RESIDENTS living close to a new Community Nursing Unit (CNU) proposed for a green-field site close to St Flannan’s College in Ennis voiced concerns over increased traffic and other issues, at a public briefing this week.
Up to ten residents turned up for the briefing which unveiled Health Service Executive (HSE) proposals for the state-of-the-art, 100-bed facility for older people. While residents stressed that they have no objection to the nursing home and appreciate the need for it, many expressed concern over the loss of the green area as well as a potential increase in traffic.
The briefing heard a warning from HSE officials that any delay in the planning process could put the multi-million Euro project, which will comprise 75 long-stay and 25 short-stay beds, at risk. Aisling Ryan of the HSE told residents that planning hitches “may delay us to the point that the funding leaves”. “That’s really key and it’s really important that people understand that” she said.
Councillor Pat Daly, a resident of Gallows Hill said that there were concerns about the position of the entrance to the proposed unit. “The people in Gallows Hill are quite elderly,” he said. “The last thing they want is more traffic.”
Responding to those concerns, Clodagh Hanratty of the HSE said there were many aspects of the project that could be looked at during the planning process. “The main traffic will be from rostered staff,” she outlined. “We’ve done a traffic survey and that will form part of the application to the local authority. Whatever is built on this site will create traffic, but there are options we can look at. Overall, we’re very lucky in the Midwest to have secured this funding and we’re very proud of what we’re doing. If there are delays, it could go, just like that. If we get objects and then end up at An Bord Pleanála, we won’t build it and that would be very sad.”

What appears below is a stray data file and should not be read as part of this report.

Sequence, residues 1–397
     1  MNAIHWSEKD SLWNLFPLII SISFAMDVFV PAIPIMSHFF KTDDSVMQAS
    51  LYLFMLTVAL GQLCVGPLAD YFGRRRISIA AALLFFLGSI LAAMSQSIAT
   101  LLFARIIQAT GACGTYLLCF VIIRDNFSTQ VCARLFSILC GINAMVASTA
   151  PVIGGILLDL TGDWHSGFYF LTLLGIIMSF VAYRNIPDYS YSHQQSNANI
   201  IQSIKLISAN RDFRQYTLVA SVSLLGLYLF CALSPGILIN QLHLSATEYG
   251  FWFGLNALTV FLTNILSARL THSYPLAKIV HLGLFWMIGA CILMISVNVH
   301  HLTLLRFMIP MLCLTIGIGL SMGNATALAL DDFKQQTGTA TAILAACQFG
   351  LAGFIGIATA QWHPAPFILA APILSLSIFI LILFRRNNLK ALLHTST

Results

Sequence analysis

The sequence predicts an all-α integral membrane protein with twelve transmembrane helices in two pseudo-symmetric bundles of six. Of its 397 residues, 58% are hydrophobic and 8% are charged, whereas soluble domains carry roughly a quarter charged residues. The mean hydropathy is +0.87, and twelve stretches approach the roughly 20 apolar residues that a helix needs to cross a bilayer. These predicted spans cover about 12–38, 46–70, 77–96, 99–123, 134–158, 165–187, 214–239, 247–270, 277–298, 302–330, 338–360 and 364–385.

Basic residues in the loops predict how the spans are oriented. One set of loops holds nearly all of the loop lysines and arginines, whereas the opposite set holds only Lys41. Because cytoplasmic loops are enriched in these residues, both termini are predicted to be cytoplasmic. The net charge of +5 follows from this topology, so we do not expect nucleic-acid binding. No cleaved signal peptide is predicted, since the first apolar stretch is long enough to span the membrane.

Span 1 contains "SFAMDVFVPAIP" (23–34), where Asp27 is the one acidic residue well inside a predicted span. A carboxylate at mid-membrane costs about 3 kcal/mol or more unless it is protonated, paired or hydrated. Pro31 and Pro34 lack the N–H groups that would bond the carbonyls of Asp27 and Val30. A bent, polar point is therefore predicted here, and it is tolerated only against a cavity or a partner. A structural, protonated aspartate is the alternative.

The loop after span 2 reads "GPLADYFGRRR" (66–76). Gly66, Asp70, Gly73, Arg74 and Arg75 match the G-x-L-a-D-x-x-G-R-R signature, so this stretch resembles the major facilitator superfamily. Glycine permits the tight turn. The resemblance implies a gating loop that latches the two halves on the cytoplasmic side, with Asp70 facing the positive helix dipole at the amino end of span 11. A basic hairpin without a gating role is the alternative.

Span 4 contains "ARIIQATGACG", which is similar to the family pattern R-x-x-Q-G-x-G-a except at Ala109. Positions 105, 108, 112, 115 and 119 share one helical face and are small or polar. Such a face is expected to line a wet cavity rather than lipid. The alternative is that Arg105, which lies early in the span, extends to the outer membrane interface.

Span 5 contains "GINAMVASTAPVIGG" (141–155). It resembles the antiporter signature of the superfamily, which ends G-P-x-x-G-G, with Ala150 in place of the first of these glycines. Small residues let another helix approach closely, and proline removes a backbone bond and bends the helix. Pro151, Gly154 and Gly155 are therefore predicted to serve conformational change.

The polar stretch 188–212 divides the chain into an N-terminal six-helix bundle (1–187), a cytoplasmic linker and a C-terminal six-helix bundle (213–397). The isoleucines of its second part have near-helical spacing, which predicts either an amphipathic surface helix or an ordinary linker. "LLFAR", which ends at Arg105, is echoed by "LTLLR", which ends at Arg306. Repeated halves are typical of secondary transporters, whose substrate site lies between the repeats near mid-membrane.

Local resident John Maloney reiterated that nobody is against the planned nursing home. “It’s important to get this right,” he told the local media. “It’s great to see a new nursing home. I applaud the HSE initiative, but people in the area need to be involved early on in the process. There is a concern over traffic and the issue of flooding needs to be kept in mind, given the problems there have been in the area.”
Ms Hanratty told the media that all feedback received from people attending the briefing would be relayed back to the project team. “We hope that people will be as excited as we are after seeing the scheme,” she said.
Ms Ryan said the new unit would support the HSE in meeting Health Information and Quality Authority (HIQA) standards and would free up space for other services on the old St Joseph’s site. “This will be a state-of-the art, future-proofed, homely and HIQA-compliant facility,” she said. “Time is of the essence. There is a real urgency about this.”
The planning application is due to be lodged with Clare County Council in around a month’s time.